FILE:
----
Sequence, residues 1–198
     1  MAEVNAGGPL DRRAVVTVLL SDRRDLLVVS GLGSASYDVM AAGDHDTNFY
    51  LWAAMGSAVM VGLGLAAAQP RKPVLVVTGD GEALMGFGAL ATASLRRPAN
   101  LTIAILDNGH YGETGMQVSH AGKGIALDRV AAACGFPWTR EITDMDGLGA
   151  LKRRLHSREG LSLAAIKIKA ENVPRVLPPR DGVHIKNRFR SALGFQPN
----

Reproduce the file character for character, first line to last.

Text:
Sequence, residues 1–198
     1  MAEVNAGGPL DRRAVVTVLL SDRRDLLVVS GLGSASYDVM AAGDHDTNFY
    51  LWAAMGSAVM VGLGLAAAQP RKPVLVVTGD GEALMGFGAL ATASLRRPAN
   101  LTIAILDNGH YGETGMQVSH AGKGIALDRV AAACGFPWTR EITDMDGLGA
   151  LKRRLHSREG LSLAAIKIKA ENVPRVLPPR DGVHIKNRFR SALGFQPN